RFE/RL: It’s been reported that U.S. negotiators have certain demands that they are trying to put in the final agreement. Among the most controversial are granting U.S. forces the ability to arrest and detain Iraqis and to enjoy immunity from Iraqi laws. Then there’s the issue of military bases. The lead State Department negotiator, David Satterfield, told Al-Jazeera that the United States rejects the idea of "permanent bases." But to many Iraqis, long-term lease agreements are the same thing as permament occupation. How is the United States going to get Iraq to sign off on this?


Simon: Look, I am hard-pressed to see this flying with Iraqis. You know, if an American rapes an Iraqi woman, and the U.S. says, "Well, we have a status-of-forces agreement that says we will take care of this problem and it’s none of Iraq’s business," popular feeling in Iraq will be aroused. I think there will be some serious anger. And I think Iraqi authorities who are negotiating these agreements are very aware of these pitfalls. The long-term leases [are] just right out of the British book, and I think that that’s going to rub a lot of Iraqis seriously the wrong way.


But there’s another side to this, too, which is how well this agreement is going to fly on the U.S. side, in terms of American domestic politics. Because one of the agreements, in its current draft, offers U.S. security assurances to Iraq. And, you know, American lawmakers who will have to approve this agreement -- if the final version contains phrases like that -- are going to look askance at those sorts of assurances. They’re going to say, "Why should we do this?" And they’re going to ask certain questions, like "What is the Iraqi government’s relationship to Iran?" and "What’s the nature of Iran’s influence in Iraq? How do the Iraqis view Israel? Do they view Israel as an enemy?"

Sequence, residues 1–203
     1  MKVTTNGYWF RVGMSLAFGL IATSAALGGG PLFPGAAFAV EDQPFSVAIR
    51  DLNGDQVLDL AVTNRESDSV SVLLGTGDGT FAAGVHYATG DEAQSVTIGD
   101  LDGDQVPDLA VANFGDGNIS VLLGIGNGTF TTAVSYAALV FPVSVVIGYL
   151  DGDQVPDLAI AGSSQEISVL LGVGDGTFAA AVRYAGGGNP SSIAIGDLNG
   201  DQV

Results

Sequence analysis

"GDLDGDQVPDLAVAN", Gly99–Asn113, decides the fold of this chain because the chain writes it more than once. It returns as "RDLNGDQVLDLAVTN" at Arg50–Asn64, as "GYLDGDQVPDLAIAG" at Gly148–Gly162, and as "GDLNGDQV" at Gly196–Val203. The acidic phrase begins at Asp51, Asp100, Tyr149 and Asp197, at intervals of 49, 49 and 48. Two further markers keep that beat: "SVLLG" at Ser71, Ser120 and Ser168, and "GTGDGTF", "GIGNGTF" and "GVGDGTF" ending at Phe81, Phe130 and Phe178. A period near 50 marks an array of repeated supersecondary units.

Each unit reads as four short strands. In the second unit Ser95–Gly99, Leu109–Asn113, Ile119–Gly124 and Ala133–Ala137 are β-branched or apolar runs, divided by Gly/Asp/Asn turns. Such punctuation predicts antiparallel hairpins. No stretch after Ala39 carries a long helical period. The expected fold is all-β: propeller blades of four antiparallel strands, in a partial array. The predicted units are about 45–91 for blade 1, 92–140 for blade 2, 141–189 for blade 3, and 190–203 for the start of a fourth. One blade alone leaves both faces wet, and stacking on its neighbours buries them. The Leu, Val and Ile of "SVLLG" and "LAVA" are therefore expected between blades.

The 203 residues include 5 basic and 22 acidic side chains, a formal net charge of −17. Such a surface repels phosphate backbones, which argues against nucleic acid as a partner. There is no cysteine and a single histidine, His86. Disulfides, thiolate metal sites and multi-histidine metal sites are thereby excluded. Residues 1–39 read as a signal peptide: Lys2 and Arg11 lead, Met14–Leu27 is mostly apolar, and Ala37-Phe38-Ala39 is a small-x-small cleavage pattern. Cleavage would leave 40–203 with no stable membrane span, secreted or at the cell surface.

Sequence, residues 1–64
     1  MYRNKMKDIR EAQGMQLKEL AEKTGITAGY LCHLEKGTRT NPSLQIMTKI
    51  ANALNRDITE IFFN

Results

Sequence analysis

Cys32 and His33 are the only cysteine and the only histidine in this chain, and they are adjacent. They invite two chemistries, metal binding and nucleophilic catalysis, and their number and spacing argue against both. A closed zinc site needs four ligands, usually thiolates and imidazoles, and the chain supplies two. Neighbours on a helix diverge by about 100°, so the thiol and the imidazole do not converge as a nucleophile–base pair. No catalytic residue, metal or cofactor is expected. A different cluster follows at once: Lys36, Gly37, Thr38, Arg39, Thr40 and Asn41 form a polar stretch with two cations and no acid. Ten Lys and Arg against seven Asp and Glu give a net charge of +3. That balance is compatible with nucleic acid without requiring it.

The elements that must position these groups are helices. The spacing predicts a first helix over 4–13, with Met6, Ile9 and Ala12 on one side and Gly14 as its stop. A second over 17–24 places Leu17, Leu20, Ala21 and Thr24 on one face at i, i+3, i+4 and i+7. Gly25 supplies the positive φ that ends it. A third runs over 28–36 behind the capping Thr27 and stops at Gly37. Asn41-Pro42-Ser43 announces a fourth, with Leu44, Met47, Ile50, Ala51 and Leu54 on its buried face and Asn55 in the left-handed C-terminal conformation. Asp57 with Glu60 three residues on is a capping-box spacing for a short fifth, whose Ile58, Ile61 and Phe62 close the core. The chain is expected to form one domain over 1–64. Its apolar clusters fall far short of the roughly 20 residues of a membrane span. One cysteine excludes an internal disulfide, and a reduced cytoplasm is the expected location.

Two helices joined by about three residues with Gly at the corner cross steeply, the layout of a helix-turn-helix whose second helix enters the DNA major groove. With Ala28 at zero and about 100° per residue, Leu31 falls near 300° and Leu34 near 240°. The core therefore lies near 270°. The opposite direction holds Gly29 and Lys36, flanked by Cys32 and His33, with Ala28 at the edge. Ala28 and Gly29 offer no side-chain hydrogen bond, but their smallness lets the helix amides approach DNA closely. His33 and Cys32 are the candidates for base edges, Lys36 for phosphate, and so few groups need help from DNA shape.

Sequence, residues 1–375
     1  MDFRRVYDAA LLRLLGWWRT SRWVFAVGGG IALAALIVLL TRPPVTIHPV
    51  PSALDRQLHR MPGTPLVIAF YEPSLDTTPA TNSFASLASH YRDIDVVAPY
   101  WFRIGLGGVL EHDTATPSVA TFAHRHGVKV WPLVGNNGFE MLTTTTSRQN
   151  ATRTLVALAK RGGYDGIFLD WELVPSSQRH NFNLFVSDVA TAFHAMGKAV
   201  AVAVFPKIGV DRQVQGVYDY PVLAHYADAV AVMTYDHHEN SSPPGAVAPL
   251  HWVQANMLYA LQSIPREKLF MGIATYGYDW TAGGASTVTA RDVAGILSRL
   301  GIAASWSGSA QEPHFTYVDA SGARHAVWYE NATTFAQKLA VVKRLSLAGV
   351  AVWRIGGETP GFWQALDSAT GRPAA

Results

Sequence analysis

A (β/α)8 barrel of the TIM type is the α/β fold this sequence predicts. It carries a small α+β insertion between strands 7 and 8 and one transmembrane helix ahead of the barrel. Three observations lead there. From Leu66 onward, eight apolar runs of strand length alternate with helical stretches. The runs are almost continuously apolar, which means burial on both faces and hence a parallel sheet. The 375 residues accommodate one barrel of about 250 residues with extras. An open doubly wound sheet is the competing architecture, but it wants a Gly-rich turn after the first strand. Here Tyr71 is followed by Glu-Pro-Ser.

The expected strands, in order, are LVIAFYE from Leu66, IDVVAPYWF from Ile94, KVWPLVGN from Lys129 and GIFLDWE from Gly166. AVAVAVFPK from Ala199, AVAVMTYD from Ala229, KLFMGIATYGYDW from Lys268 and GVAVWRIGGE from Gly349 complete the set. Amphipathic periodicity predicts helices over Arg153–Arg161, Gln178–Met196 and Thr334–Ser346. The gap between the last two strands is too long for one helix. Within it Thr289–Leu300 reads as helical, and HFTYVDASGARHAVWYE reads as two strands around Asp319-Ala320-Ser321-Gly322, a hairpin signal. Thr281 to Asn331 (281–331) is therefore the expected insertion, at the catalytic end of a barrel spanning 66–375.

And, depending on the answers to those questions, American legislators are going to say: "Well, no. This is not a state that the United States ought to be promising help for, in some kind of contingency."


Treaty Arrangement


RFE/RL: Iraqi Prime Minister al-Maliki has said that any agreement must be approved by the Iraqi parliament. But isn't the White House arguing that these are administrative agreements, which don’t need the approval of the Iraqi parliament -- or the U.S. Congress, for that matter?


Simon: That absolutely is what the White House is saying. And I strongly doubt that the agreement in its current form will be viewed, certainly on the American side, as something that can be negotiated solely as a matter of administrative arrangements, between two governments. I think they’re going to look at the current document very much as a treaty arrangement. And in my experience, when you have draft agreements that offer security assurances, then that agreement crosses a threshold in American law, under which the agreement is required to be submitted to Congress for approval.


So I think the [Bush] administration is certainly very eager to cast it as an administrative agreement so as to keep it out of public view and keep it away from Congress. But I don’t think that Congress -- especially a Democratic Congress -- is going to take very kindly to that.


RFE/RL: The United States initially said it wanted to have an agreement by July, but that seems impossible, given the opposition that has sprung up. The U.S. election on November 4 will bring in a new president, and then the UN mandate expires on December 31. Considering these time pressures, what do you see happening in the next few months with the negotiations?


Simon: I think the way the parties will try and get around this is either to have the UN mandate extended, or put together a skeletal agreement that is cast as an interim arrangement that will buy time and form a bridge between whatever the current arrangement is and whatever the next arrangement might be. So there are two work-arounds, and I suspect that one or the other will be employed.